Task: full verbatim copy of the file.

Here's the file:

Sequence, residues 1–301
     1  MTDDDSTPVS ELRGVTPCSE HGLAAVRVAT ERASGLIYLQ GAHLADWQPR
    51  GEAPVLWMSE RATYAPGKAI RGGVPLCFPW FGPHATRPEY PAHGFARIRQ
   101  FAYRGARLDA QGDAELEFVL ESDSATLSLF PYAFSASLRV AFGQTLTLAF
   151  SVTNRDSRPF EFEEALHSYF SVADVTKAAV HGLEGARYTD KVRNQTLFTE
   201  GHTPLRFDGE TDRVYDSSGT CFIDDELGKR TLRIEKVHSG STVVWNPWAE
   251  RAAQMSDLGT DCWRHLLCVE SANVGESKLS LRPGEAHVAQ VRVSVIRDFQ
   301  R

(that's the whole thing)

Sequence, residues 1–301
     1  MTDDDSTPVS ELRGVTPCSE HGLAAVRVAT ERASGLIYLQ GAHLADWQPR
    51  GEAPVLWMSE RATYAPGKAI RGGVPLCFPW FGPHATRPEY PAHGFARIRQ
   101  FAYRGARLDA QGDAELEFVL ESDSATLSLF PYAFSASLRV AFGQTLTLAF
   151  SVTNRDSRPF EFEEALHSYF SVADVTKAAV HGLEGARYTD KVRNQTLFTE
   201  GHTPLRFDGE TDRVYDSSGT CFIDDELGKR TLRIEKVHSG STVVWNPWAE
   251  RAAQMSDLGT DCWRHLLCVE SANVGESKLS LRPGEAHVAQ VRVSVIRDFQ
   301  R